A Japanese delegation is in
The States are currently reviewing the moratoria, which are due to expire next year, and are facing growing pressure from farm and science leaders to drop the ban on genetically modified crops.
But the Japanese delegation from the 'No! GMO Campaign', an alliance of over 80 Japanese consumer groups, farmers groups and 300 individuals, says lifting the moratoria would damage Australia's reputation in the international market.
"If the moratoria are lifted it would damage the reputation of Australian crops in
"We are concerned that the relationships which we have worked so hard to cultivate, between Australian farmers and Japanese consumers, would collapse."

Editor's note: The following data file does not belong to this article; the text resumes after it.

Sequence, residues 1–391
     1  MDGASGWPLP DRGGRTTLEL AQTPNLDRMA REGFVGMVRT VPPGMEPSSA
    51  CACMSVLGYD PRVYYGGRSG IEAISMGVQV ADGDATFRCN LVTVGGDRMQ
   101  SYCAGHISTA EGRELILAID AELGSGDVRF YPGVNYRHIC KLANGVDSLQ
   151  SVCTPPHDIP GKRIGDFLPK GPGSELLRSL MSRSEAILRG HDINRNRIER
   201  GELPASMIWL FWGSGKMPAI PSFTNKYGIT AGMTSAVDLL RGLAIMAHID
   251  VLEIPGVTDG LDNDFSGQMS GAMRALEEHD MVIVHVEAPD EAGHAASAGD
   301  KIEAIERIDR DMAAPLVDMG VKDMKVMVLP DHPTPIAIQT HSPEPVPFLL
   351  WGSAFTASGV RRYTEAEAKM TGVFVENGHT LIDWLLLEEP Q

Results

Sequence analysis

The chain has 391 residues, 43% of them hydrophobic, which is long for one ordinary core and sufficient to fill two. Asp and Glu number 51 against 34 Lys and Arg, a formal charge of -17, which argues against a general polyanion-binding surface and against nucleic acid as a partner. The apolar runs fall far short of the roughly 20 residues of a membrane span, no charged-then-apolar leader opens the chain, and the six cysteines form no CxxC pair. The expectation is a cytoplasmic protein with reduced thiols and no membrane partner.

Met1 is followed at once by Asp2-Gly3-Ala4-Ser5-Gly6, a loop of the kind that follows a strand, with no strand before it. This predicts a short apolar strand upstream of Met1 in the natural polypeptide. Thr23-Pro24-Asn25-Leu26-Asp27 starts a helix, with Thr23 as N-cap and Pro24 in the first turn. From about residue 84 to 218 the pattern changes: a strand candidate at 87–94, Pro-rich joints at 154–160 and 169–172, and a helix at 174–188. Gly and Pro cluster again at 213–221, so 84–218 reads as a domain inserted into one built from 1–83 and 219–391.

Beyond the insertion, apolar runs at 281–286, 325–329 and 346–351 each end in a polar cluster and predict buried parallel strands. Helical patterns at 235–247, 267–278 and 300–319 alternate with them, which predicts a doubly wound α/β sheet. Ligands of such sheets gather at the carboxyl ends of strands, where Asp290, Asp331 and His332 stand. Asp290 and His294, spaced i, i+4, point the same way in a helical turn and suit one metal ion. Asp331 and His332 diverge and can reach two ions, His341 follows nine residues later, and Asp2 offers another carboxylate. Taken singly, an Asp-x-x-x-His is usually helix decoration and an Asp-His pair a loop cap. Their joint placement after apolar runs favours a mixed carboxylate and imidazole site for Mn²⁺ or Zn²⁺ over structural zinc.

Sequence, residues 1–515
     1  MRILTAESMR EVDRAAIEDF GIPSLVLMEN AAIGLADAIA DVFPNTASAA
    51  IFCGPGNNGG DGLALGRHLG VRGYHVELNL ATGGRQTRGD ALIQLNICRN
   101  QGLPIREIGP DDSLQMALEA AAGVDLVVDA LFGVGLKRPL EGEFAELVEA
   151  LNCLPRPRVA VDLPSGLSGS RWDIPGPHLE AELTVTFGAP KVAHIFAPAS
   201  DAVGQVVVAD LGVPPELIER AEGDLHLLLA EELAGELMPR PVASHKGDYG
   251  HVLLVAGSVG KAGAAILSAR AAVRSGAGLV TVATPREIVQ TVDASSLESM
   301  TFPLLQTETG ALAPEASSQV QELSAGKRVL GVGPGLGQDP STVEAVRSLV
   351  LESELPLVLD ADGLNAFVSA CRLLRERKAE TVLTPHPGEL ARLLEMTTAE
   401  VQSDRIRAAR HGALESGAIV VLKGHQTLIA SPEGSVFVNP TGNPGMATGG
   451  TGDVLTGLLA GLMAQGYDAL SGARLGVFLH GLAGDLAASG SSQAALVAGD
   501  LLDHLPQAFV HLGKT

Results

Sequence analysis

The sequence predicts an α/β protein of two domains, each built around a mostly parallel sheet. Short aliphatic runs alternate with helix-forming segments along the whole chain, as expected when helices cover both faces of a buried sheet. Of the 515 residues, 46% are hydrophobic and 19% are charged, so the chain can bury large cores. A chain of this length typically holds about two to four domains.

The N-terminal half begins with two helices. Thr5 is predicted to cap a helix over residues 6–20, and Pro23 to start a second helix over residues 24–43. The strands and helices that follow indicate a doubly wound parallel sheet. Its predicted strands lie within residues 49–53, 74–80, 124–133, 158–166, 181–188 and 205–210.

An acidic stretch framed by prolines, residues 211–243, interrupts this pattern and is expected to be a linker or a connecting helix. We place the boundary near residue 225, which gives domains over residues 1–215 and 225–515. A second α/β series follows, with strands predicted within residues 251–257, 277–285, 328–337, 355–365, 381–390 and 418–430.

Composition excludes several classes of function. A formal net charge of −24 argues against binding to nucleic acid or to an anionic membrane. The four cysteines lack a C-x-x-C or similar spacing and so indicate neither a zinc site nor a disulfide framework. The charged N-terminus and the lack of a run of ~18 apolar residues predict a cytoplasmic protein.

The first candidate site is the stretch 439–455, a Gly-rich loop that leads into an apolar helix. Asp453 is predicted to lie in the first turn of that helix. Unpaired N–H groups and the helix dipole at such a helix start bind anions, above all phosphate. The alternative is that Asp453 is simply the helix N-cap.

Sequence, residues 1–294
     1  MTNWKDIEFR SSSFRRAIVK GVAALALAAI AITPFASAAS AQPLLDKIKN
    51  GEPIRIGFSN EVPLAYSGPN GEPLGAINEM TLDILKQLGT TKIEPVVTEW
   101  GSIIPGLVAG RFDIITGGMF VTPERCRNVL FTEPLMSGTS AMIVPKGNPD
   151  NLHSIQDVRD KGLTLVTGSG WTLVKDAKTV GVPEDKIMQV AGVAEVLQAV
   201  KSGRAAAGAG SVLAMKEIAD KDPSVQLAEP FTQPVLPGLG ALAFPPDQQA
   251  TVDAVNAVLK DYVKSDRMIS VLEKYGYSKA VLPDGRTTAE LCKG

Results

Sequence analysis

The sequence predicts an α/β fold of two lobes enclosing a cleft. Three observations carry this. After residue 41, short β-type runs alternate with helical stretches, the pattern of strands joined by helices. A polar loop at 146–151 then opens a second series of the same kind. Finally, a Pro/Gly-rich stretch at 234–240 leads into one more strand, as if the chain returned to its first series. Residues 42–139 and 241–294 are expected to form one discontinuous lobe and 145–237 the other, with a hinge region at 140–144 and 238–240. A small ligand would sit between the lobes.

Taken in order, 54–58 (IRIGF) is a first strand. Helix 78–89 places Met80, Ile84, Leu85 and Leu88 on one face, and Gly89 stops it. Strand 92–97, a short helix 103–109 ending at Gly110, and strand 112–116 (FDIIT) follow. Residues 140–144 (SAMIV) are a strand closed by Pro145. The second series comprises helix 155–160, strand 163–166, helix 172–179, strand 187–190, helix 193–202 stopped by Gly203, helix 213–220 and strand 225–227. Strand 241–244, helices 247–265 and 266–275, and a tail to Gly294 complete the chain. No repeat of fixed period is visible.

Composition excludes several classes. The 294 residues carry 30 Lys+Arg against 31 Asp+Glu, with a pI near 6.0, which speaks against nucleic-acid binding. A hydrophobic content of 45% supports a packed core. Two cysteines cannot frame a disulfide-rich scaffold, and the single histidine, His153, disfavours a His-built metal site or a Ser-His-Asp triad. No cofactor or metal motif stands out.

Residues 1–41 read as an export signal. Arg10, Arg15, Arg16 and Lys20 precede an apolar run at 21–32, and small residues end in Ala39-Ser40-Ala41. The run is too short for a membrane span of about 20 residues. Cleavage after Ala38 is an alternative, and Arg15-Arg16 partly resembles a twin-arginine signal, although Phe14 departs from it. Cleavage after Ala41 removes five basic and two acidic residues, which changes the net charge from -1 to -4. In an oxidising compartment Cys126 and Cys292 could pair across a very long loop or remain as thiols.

Ms Shimizu also works for the Seikatsu Club Consumers' Co-operative Union (SCCU), which now imports 3500 metric tons of canola from
Before buying canola from Australia, the SCCU purchased their canola from Canada until the country began growing GM varieties and could no longer guarantee conventional canola was free from GM contamination.
The group is being supported by Australian-based activists from Greenpeace.
"Once released into the environment GE crops are impossible to contain and will lead to the inevitable contamination of our fields and our food," Greenpeace GM campaigner Louise Sales said.
"State Governments should protect our environment, our health and our industries by extending their GE bans."